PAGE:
Here is an excerpt from a new book about the life & music of the English composer Cyril Scott (d. 1970):
Cyril Scott Companion, page 189The Chamber Music by Kurt Leland
Most people familiar with the music of Cyril Scott – from his short piano
works to his songs, symphonies and concertos – would agree that he had an
extraordinary ear for what musicians call harmonic colour. By half-step alterations
of certain notes in a chord, non-diatonic chord progressions, or rapid modulations
to distant keys, he could create impressions on the ear that seemed comparatively
brighter or darker or that had quasi-kaleidoscopic qualities that cannot be described
in words, though they can be easily recognised upon recurrence.
Scott’s music was valued in some circles for its harmonic colour. But in others
it was denigrated for being nothing more than that. Year after year, critics chided
Scott for having no sense of form or logical musical development. Few perceived
that he was a revolutionary right to the end of his life, when he was occasionally
berated – when noticed at all – for having nothing new to say. The nature of Scott’s
one-person revolution lies precisely in his lifelong struggle to reconcile expressive
colour with logically unfolding form.
Scott’s solution bears a resemblance to his Hungarian contemporary Béla
Bartók’s folk-music-derived method of polymodal chromaticism. Yet Scott arrived
at his reconciliation of colour and form by an independent route – thus it merits a
distinctive name. I call it pan-modality: the juxtaposition or superposition of modes
to create functional equivalents for every (pan-) aspect of traditional tonal music,
including melody, harmony, polyphony, tonality and form.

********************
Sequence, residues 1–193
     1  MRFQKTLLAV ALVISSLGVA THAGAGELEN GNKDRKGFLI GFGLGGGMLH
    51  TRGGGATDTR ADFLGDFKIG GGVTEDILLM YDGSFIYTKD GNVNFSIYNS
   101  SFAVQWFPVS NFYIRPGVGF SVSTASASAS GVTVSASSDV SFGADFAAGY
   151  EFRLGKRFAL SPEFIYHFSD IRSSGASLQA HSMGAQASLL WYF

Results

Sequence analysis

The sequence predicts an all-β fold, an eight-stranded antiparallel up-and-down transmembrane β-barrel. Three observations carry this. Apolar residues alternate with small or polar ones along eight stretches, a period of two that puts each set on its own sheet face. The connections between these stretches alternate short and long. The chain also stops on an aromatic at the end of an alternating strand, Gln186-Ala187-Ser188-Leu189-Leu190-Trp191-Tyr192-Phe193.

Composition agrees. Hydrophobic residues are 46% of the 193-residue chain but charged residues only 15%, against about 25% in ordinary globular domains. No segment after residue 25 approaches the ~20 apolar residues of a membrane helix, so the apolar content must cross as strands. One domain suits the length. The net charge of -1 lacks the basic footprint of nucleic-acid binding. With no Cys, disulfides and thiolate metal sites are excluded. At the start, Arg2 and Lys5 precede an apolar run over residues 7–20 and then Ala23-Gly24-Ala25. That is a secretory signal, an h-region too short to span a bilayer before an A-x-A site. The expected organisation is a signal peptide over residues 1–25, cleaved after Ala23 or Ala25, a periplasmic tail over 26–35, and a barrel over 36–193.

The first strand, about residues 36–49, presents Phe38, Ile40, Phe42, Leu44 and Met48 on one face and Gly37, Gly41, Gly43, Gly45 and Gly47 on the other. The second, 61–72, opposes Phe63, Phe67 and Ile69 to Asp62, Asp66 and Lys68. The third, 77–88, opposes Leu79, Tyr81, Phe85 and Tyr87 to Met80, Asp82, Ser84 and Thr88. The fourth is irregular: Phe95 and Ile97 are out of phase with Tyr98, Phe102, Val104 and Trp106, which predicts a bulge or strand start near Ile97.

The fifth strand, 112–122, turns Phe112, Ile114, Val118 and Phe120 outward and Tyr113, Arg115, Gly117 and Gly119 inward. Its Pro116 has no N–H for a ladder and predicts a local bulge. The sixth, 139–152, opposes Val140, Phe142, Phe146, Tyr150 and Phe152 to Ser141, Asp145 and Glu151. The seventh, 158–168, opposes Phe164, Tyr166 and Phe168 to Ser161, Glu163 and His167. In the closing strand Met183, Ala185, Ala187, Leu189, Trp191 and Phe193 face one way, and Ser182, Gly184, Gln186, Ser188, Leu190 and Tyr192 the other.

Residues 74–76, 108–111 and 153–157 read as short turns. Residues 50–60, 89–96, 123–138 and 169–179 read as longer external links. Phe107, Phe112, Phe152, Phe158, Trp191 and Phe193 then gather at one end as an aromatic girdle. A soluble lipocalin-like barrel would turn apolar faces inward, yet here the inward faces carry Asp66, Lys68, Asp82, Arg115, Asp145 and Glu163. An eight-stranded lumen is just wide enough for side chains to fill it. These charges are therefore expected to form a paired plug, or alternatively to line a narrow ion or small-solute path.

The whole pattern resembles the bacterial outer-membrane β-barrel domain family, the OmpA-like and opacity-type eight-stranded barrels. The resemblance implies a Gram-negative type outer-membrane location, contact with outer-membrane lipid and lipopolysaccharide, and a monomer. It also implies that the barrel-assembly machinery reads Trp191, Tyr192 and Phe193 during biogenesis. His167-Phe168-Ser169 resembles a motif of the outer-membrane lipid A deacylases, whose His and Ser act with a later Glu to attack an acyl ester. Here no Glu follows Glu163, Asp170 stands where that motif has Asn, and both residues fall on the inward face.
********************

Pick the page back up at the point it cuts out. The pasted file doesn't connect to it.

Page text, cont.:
Scott employed modes that included five tones (pentatonic), six (hexatonic,
including the whole-tone scale), seven (diatonic, including major and minor scales
and the so-called Greek modes encountered in Gregorian chant and folk music),
eight (octatonic, including the symmetrical scale of alternating whole- and halftones),
and possibly more, up to twelve (the chromatic scale – but generally not a
twelve-tone row as used in the dodecaphonic school of composition). Such modes
could be simple (such as those listed above), exotic (as in Indian rāgas), or synthetic
(self-created by the composer, often through chromatic alteration of a simple mode
or by non-tonal doubling of melodic lines in major thirds, perfect fourths, and so
on). For Scott, each mode had a colour that the ear could learn to recognise as it
was exchanged for other modes to create the illusion of harmonic progression or
recurred as a form-generating device, from intervallic cells (modal fragments) to
phrases, sections of movements, and unified multi-movement works.
The evolution of Scott’s pan-modality may be traced from his first chamber
music productions to his last. Let us examine this evolution decade by decade...